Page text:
Written by LockNet Technical Service Representative, Dillon Campbell
We were told that we need to install exit devices on our storefront doors. What options do we have so that the doors will always be unlocked?
When you think of an exit device, you typically picture a door that is locked from the outside and allows free egress from the inside. Right? Well, this is problematic for a lot of applications, namely storefront doors. Can you imagine having to let your patrons in every time they came to the door?
The good news is there is a sub-set of panic bars with a unique feature that allows you to keep the door unlocked. What is this feature you ask? It’s called “dogging.” A dogging panic bar is doggable.
Now, what exactly does “doggable” mean? Standard exit devices (without dogging) are intended to keep the door locked when the door is closed, while allowing the door to be opened at any time from the inside.
However, exit devices with dogging capabilities are designed to keep the bar unlocked from both the inside and the outside until the dogging feature is disabled. This is ideal for exterior customer entrance doors that may require panic hardware due to fire code.
Types of Dogging Hardware
There are two main types of dogging mechanisms: mechanical and electrical.
Mechanical dogging devices work one of two ways. They can either use a regular key or employ the use of a special Allen/hex wrench tool. When turned, this hex wrench, will allow free access from either side of the door by either directly retracting the locking latch or by depressing the operable part of the bar.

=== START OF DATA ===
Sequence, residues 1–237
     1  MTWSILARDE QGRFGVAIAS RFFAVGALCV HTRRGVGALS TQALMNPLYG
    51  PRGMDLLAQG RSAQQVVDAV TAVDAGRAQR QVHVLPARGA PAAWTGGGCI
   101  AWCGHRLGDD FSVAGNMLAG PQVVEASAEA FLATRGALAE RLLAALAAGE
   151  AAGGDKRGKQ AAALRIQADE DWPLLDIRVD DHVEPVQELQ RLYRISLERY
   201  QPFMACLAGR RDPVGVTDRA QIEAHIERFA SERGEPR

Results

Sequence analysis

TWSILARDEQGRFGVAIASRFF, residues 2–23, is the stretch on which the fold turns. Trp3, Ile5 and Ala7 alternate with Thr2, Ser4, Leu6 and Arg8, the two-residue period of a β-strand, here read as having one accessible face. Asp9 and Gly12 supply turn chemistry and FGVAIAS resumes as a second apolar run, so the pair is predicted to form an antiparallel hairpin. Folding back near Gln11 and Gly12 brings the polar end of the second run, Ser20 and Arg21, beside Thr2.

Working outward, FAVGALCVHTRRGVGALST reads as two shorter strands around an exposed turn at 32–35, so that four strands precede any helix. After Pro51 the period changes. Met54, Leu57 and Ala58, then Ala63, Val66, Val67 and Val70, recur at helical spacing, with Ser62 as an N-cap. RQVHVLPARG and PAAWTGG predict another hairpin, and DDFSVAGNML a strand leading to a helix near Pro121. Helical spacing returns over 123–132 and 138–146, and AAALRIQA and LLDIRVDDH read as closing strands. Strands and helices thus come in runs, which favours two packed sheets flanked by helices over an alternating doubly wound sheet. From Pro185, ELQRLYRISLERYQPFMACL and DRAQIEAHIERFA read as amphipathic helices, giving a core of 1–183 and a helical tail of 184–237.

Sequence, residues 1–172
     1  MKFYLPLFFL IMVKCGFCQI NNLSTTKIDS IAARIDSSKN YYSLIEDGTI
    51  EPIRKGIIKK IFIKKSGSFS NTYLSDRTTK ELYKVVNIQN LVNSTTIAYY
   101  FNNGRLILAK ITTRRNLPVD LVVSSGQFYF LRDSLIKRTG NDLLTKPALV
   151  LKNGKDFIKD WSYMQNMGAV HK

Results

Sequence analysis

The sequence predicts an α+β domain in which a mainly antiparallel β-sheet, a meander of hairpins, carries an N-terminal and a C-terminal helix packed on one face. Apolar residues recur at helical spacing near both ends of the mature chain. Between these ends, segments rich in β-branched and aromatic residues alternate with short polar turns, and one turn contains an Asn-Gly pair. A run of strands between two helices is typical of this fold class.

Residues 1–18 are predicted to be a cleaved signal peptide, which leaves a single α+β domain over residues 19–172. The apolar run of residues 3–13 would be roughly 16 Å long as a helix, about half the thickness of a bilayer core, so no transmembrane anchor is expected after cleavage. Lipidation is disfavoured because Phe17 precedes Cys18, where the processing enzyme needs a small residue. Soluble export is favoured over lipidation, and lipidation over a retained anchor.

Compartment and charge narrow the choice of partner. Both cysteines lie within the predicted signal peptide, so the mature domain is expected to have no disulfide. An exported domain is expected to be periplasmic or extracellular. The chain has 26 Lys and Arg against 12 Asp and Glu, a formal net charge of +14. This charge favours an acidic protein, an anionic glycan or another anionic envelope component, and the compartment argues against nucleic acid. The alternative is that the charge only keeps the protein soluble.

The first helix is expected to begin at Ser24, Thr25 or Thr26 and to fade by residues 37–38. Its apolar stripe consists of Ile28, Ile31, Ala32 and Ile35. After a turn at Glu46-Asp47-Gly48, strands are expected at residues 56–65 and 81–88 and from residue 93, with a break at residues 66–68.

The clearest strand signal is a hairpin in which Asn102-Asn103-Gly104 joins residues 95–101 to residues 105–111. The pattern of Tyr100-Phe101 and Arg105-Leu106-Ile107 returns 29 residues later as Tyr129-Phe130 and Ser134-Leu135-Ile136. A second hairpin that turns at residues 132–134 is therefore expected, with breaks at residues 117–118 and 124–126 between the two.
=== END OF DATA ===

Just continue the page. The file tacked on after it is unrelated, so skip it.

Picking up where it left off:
An interesting video demonstrating this can be found right here.
Electrical dogging devices are typically found in situations where electronic access control is also needed. The exit device is wired into an access control system that runs a motor inside the bar. This motor can then retract the latch and/or the bar for a pre-determined amount of time.
Okay, so now we know how this stuff is supposed to work but how can we keep it working? There are a couple basic steps you can take to ensure the best possible life span for your dogging hardware.
• Push in, then turn: Most panic hardware with mechanical dogging will pull the bar itself in (like if it was pushed) to retract the latch. It’s very important that when engaging the dogging function that you push the bar in before using the dogging key. This will avoid putting extra stress on the internal components and subsequently decreasing the life span of the hardware.
• Use the right tool for the job. If your panic bar’s dogging feature uses an Allen/hex wrench tool to operate, it’s important that you try to use the manufacturer provided tools. If a replacement is needed, ensure the wrench purchased is an exact match in size to the original. We often get reports from technicians in the field that the wrench being used is smaller than the original; therefore it doesn’t fit properly and fails to engage the dogging mechanism. This can occasionally damage the internal parts in the process. Also, don’t go overboard. It’s best to avoid wrenches like the one pictured below. They make it too easy to over-torque the dogging mechanism and damage its components.
Are you using any dogging devices in your facility? How’s your experience been in day-to-day operations?